I was hanging on my couch, my laptop open next to me, my husband busy in another room. It was safe to indulge in my guilty—and totally secret—pastime. It involved Google, ancient Chinese charts , and the latest medical research. Undercover CIA agent? Modern-day Nancy Drew? Neither: I was six months pregnant and on a mission to figure out the sex of my baby.
There are far easier ways of doing this—namely, asking the ultrasound tech. There's even a blood test that can detect the sex from as early as seven weeks. But my husband, David, and I had made a pact as soon as we knew I was pregnant: We weren't going to find out the sex of our baby. We decided that hearing it in the delivery room was one of life's best surprises. We were in the minority; almost all of our friends had found out if they were team pink or team blue right away. When people asked what we were having, we'd say, "A baby!" We lived in a sea of yellow and pale green baby gifts. We fondly referred to the baby as "it."
Secretly, I was out of my head with curiosity. I took online quizzes with questions such as "Do you crave sweet or salty?" and made a chart of old wives' tales. I craved orange juice: girl! When tied to a piece of string, my wedding ring spun circles over my belly: boy! (I stopped short of trying the crazy test that called for mixing pee with Drano—if it stayed clear, girl! Brown-ish? Boy!) I asked friends with ultrasounds that had been positively ID'd as boy or girl to e-mail them to me, then I'd compare my own. I was absolutely positive it was a boy—until the next day, when I'd see another ultrasound.
"Why don't you just find out already?" a friend asked in mock exasperation, after I'd listed the newest clues I'd uncovered. I couldn't quite explain. Yes, I wanted to know. Bad. But I also loved the excitement of not knowing and trying to figure it out, though I did feel a little guilty. I'm sure David suspected I was nosing around for evidence. Once, he caught me studying my growing bump in the mirror. "Am I carrying high or low?" I asked. (High meant girl, low meant boy.) "You're carrying middle," he said with a laugh. He was curious, too—just in a different, less-obsessive sort of way.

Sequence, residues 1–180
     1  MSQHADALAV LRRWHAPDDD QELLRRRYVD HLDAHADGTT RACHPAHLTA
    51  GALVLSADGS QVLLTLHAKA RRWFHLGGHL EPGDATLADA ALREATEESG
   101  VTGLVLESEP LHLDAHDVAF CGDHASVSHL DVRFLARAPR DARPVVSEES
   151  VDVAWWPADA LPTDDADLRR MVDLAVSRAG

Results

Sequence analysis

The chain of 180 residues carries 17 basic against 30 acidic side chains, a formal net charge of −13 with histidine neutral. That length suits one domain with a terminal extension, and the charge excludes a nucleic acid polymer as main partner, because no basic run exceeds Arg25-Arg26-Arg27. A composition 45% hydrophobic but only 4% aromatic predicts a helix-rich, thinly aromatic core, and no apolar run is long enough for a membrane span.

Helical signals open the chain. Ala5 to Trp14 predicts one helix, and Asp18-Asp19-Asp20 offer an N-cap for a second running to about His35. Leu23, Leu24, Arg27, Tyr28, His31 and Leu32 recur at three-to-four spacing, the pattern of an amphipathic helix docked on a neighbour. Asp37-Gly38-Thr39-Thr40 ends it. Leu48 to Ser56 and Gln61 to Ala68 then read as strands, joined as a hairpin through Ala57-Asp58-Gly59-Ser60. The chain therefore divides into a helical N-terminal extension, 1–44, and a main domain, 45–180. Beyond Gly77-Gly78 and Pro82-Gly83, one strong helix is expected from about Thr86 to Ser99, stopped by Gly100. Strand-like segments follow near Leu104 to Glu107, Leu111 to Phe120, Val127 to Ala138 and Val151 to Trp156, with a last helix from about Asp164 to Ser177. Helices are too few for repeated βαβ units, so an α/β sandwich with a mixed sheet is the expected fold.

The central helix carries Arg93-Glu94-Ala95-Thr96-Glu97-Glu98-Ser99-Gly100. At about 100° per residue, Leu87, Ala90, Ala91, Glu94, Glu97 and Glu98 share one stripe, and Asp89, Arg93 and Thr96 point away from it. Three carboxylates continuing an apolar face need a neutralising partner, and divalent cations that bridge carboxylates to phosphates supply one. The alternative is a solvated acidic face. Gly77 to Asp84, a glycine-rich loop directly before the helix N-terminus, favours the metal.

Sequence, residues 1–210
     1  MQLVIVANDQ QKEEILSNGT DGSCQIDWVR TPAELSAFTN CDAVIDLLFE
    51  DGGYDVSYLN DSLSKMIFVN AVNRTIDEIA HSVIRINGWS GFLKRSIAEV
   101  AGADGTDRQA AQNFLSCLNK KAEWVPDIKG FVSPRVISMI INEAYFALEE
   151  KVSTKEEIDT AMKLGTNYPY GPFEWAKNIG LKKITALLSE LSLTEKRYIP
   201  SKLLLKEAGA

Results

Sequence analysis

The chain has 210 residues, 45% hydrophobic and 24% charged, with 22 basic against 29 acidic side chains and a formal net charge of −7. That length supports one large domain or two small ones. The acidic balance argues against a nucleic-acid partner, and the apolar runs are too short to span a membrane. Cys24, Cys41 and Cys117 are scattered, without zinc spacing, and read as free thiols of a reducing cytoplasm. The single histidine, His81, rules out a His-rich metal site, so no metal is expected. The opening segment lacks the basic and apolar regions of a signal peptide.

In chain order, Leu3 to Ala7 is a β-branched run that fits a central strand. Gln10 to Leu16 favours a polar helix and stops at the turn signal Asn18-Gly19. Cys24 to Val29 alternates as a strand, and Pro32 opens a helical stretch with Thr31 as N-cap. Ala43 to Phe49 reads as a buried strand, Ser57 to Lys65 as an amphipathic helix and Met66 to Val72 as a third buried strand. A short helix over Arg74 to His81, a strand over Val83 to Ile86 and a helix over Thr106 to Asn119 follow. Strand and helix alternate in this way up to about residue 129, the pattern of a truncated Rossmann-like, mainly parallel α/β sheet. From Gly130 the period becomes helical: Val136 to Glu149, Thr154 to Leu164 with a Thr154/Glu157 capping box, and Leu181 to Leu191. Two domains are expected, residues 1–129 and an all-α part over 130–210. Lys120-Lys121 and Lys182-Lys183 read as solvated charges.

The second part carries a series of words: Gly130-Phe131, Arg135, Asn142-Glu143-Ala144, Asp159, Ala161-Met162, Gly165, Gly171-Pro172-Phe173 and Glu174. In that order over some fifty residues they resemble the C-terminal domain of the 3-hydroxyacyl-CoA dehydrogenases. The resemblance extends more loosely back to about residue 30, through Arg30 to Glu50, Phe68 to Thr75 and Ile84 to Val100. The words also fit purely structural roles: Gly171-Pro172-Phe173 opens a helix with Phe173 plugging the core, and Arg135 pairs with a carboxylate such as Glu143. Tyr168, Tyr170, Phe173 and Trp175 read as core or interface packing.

Five weeks before my due date, I ended up at the hospital. I'd felt sick all day and the baby had been moving less than usual, so the doctor wanted me to come in for rehydration. As IV fluids trickled into my veins, monitors started beeping loudly—the baby's heart rate had plummeted. I was rushed into surgery for a C-section. David and I were terrified. Suddenly, it didn't matter at all if we were having a boy or a girl—we just wanted the baby to be healthy.
It only took a few minutes, but it felt like forever before we heard a robust cry. The doctor called out, "Hey, Dad, look at this!" and held up a gooey miniature person. "Ah!" said my husband, a big, relieved smile on his face. "It's a girl! Um, I think." The nurses laughed. "It is a girl. There can be some swelling in that area at first," one of them said. Our baby, Rowan, was healthy—just early, and would require a little time in the NICU. When David told our waiting families the news of our daughter, he wept.
Like many parents, we've told our daughter, now 4 (and definitely a girl!) all about her birth. She loves hearing the story, especially the part where Daddy cries because how silly for Daddy to cry. Even just that one simple, sweet fact makes me glad we didn't find out ... and glad that I won't be getting an award for my gender-sleuthing skills anytime soon.